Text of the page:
Is processingJS a more like a preview for javascript?

Besides going through a curriculum here on freecodecamp, I am also going through the lessons on Khan Academy. I notice that they are using something called processingJS. I looked it up to see what it was (because I thought it was javascript before) and I found that it was something that translated some code into javascript(is that right?) Also, I noticed that most of the commands I have been typing in it so far can also be typed in html, commands such as “ellipse”, etc.

I’ve never heard of it.

According to ProcessingJS’s web site, it’s…

Processing.js is a JavaScript library that lets you write Processing code that is then translated into JavaScript and embedded in a webpage.

(Also not that it says it is no longer supported).

I didn’t know what Processing was, on its web site it says…

Processing is a flexible software sketchbook and a language for learning how to code. Since 2001, Processing has promoted software literacy within the visual arts and visual literacy within technology. There are tens of thousands of students, artists, designers, researchers, and hobbyists who use Processing for learning and prototyping.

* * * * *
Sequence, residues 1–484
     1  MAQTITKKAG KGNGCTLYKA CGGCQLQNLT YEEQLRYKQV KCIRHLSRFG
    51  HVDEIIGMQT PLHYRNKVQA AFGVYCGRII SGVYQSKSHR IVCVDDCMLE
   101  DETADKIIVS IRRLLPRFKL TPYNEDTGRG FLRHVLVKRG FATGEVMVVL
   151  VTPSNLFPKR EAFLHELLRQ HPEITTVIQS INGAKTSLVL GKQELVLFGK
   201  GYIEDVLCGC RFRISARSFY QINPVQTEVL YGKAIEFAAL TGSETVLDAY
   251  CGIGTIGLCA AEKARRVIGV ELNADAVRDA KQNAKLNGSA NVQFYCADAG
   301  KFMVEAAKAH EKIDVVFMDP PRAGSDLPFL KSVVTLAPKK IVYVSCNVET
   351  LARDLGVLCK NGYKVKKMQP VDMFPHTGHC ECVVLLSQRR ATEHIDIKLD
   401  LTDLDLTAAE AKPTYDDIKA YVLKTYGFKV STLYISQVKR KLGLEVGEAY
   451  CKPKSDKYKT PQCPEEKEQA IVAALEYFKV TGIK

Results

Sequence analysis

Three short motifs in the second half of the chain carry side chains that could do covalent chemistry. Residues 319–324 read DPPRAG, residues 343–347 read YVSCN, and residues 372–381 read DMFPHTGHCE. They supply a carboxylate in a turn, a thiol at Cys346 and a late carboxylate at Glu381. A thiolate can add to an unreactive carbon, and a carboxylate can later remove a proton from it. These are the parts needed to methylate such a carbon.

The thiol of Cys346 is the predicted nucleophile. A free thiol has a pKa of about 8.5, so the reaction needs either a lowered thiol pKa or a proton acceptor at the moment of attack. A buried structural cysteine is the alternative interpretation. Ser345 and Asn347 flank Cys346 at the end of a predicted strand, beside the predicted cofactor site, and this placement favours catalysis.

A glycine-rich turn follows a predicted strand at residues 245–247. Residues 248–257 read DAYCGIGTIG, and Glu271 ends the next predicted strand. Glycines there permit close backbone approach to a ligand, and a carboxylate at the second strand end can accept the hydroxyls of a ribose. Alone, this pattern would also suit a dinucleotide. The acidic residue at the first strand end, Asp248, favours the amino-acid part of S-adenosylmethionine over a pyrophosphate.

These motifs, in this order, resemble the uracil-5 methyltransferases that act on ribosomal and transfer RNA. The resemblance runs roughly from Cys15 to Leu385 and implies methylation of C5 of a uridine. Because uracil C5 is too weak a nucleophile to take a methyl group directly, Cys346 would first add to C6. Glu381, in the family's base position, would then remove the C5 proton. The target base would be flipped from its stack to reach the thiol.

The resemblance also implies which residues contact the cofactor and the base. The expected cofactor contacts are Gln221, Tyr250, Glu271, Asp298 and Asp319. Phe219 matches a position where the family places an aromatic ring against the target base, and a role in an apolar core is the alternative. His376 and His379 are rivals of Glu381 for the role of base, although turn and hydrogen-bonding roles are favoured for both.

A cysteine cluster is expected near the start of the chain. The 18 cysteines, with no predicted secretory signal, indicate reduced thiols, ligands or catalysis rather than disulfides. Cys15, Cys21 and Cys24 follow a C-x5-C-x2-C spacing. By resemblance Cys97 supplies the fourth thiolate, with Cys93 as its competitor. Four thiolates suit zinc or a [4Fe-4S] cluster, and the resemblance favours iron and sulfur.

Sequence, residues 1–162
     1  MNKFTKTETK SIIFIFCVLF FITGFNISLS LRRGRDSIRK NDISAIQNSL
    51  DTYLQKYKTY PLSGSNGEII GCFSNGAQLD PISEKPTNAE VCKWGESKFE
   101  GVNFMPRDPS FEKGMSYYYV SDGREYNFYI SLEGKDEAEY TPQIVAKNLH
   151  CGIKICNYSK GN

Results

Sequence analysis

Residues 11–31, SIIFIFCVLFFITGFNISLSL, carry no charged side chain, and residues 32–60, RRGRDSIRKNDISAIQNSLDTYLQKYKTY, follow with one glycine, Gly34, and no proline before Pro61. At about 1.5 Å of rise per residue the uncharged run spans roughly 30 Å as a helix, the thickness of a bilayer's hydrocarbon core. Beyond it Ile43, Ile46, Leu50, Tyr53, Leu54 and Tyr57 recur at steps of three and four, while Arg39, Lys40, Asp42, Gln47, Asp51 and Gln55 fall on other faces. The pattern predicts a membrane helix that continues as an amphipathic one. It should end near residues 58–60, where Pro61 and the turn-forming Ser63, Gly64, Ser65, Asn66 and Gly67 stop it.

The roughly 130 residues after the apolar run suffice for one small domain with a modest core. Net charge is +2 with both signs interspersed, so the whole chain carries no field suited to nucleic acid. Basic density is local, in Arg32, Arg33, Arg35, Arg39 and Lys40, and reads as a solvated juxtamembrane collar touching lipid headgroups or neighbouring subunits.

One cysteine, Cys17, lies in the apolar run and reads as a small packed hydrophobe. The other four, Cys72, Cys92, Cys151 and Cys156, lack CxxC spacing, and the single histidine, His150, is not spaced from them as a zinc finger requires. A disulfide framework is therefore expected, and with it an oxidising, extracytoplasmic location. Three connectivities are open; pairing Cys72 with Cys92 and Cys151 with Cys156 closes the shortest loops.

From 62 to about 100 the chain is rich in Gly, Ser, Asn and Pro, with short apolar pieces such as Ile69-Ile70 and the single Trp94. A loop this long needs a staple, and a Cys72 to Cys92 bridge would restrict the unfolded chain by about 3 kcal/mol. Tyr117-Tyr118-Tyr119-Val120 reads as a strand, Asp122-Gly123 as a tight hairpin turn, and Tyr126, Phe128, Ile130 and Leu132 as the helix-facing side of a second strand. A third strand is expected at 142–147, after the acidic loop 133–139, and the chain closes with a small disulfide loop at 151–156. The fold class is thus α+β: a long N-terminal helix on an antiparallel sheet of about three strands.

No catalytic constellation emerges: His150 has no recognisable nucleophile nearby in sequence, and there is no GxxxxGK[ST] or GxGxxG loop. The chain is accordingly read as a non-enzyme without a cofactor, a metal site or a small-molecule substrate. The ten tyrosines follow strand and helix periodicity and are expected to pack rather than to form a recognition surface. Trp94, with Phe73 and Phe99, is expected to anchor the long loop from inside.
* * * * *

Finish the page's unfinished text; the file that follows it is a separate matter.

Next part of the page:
If you want to learn protypying and such, then it might be worthwhile. (I don’t know that side of things, maybe it’s not.) Otherwise, I wouldn’t bother.

If you want to learn JS, study JS.

What @kevinSmith say, particularly this:

Processing.js (which is obselete now, superceded by p5.js) is really good. But it is an artistic and educational tool. You can learn JS using it, but it purposefully hides much of the stuff you’d want to learn if your aim was to build software.

The fact processing.js/p5 uses JS isn’t as important as giving the ability to create, which is probably going to work against you if your aim is to learn JS (YMMV)

If you’re a teacher, maybe you want to explain basic programming concepts like loops and variables: you can use this because it is easy to make fun interesting stuff appear on screen. Or say you’re an artist and you want to generate images that react to user input or music or whatever: you don’t want to write all of the code to set that up, you just want to plug stuff in.

If you want to go into graphics, it’s a good introduction because it abstracts away much of the low level shader stuff. Or games, reasonable into to applying maths required. Or areas like signal processing. Or if you’re an artist.

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